Tai Chai is the very opposite of exercise methods that require plenty of rigorous exertion. Instead, this ancient Chinese practice is all about balance and moving slowly through a flow of elegant movements in slow motion. The emphasis is on achieving a state of calmness, which is somewhat ironic because Tai Chi began as a martial art training process.
It may not appear to be as spectacular as aerobic exercise. But proponents of Tai Chi swear by it as effective method of relieving stress, which, through the release of the steroid cortisol, can cause Polycystic Ovarian Syndrome (PCOS) weight gain and obesity. Tai Chi, which takes numerous forms, has also been shown to lower blood pressure, which, if left unchecked, can lead to heart disease. Other benefits include improved circulation, enhanced heart-lung capacity and a reduced risk of osteoporosis.
The philosophy behind Tai Chi is that, by slowing yourself down, you can experience vital inner energy called qi, which builds strength through balance, coordination and focus. It can take a while to master and there are plenty of instruction manuals and DVDs on the market. But try these simple exercises to give yourself a taste of Tai Chi.
The basic starting position, called wu chi in Chinese, emphasizes complete stillness. By standing motionless for five minutes, you should start to learn to listen to your internal energies. Stand with feet aligned to your armpits, with weight evenly distributed, and let your shoulders drop. Scan your body from head to toe, gradually letting go of each area of tension. Breathe naturally and keep your eyes open or half-closed.
Raise your hands while standing with your shoulders and torso relaxed and feet parallel. Try to drop your weight down into your lower torso, breathe through your nose and slowly raise your arms straight in front to shoulder height. Imagine your wrists are tied to strings and are being lifted by them. Let your hands dangle. Once your arms reach shoulder height, straighten out your hands and fingers to form a straight line from elbow to fingertip. Slowly draw your hands back towards your shoulders and let your elbows drop naturally to your sides. When you begin to feel tension in your biceps, let your fingertips float up and the palms glide down. Slowly lower your hands until they’re beside your thighs and then begin again. Repeat these movements 10-15 times over 2-4 minutes.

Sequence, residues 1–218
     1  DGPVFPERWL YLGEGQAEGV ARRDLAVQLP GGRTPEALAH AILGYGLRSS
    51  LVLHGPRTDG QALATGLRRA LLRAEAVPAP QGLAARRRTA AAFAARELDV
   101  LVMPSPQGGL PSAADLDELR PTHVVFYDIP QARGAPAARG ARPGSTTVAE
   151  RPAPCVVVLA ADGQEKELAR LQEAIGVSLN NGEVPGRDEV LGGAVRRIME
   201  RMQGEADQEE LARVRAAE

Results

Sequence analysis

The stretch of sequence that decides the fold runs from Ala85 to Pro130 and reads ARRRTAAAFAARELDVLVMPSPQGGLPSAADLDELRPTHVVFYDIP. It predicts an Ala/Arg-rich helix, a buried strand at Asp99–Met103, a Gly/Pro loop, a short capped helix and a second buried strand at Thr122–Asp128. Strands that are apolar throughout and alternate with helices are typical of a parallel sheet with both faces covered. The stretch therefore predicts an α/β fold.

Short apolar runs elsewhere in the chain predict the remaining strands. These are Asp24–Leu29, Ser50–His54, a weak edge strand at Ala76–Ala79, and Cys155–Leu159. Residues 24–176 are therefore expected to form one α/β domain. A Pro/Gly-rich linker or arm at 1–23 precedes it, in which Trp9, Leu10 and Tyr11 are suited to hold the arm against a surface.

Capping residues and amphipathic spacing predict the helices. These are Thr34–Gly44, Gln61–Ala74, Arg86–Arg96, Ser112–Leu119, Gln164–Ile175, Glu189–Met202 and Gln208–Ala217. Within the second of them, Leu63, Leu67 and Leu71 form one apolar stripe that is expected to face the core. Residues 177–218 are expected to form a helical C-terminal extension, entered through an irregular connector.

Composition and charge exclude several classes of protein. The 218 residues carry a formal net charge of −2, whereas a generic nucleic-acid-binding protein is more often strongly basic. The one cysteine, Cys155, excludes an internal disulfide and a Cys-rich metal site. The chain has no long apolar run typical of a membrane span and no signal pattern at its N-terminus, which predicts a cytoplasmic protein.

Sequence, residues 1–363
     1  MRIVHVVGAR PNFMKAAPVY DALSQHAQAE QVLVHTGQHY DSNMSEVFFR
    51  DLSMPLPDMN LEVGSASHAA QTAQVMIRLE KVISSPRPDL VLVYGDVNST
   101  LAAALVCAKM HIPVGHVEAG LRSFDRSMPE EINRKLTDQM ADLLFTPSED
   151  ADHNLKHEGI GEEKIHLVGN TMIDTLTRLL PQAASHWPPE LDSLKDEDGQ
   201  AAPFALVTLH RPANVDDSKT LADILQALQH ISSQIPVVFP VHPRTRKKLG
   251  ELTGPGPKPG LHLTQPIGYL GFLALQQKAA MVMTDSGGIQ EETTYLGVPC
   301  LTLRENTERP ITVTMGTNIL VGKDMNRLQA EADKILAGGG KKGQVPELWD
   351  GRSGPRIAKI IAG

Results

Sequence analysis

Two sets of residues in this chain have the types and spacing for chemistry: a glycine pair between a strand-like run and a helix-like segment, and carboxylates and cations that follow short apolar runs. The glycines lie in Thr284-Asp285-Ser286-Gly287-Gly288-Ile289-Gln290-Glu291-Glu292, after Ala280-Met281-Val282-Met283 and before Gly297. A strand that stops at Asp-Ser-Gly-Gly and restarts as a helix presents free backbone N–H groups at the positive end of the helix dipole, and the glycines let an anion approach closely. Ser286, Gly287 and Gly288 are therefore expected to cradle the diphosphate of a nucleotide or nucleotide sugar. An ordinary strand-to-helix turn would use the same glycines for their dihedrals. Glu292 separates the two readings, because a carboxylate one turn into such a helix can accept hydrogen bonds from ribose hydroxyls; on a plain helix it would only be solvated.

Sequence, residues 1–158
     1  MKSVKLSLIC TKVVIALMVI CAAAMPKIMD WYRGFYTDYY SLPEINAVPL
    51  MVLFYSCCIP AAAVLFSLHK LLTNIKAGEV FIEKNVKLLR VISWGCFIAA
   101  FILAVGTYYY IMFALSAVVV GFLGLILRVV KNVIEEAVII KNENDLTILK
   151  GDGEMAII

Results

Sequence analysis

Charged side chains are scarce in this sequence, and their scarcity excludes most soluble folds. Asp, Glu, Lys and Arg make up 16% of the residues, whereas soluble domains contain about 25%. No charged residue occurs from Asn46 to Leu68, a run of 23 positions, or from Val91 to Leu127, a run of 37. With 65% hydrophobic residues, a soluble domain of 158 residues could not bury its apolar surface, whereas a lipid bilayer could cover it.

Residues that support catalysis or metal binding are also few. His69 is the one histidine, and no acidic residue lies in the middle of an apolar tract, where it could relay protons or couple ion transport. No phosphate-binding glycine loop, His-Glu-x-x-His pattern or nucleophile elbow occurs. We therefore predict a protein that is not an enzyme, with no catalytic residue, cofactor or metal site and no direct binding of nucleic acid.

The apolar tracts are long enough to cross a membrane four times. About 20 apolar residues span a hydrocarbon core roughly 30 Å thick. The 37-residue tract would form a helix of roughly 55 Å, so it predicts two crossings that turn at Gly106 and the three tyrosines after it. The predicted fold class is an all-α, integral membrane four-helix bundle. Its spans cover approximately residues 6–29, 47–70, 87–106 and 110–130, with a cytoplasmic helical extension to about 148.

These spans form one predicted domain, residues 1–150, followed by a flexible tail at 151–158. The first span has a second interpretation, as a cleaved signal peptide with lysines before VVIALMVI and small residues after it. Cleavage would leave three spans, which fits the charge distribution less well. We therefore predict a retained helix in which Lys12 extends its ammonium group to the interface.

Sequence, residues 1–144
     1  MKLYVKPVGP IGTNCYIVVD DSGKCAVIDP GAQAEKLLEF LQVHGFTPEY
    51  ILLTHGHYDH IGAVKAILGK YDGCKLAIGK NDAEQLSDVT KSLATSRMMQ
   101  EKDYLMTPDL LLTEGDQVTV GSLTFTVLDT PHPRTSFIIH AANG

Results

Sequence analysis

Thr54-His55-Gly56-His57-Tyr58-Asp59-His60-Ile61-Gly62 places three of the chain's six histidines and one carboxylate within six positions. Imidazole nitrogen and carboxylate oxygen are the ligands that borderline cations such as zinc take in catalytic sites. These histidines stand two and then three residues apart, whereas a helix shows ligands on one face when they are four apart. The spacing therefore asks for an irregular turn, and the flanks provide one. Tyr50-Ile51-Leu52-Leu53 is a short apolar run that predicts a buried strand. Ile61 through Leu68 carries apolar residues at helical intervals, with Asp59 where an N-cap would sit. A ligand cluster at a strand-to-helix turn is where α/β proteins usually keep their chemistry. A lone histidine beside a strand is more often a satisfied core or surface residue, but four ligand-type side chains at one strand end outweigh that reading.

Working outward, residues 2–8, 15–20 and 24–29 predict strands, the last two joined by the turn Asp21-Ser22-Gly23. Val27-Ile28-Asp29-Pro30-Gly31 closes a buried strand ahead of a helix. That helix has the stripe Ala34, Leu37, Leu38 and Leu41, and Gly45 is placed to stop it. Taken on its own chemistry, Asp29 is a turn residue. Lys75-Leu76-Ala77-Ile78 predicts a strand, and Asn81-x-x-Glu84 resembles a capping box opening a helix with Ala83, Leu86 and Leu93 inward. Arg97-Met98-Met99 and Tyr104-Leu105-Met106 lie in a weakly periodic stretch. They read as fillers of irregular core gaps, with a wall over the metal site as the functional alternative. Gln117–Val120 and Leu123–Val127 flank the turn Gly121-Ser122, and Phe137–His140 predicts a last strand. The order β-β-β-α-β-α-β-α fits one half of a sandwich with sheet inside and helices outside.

Placing your weight on one leg is meant to heighten awareness of how your inner energy flows. Stand with your feet slightly wider than shoulder width. Put your weight on your right foot, bend your right knee a little and point your left foot out, flexed at a right angle. Rest the left heel lightly on the ground with no weight on it. Keep the spine straight. Extend your left arm in front of you, forming a straight line from elbow to fingertips. With right arm bent, move your hand so your open right palm faces the inside of your left elbow. Let your right thigh carry your weight. Breathe normally and try to hold for a minute. Pivot to the other side and repeat with your weight on your left foot etc. for another minute.
Reversible Insulin Resistance often underlies stress-induced weight gain by causing high levels of glucose and insulin in the blood stream stemming from the inefficient conversion of glucose into energy. If left unchecked, this condition may, result in the onset of a number of potentially dangerous disorders. These include the cluster of cardiovascular diseases called Metabolic Syndrome or Syndrome X and the hormonal imbalance known as Polycystic Ovarian Syndrome (PCOS).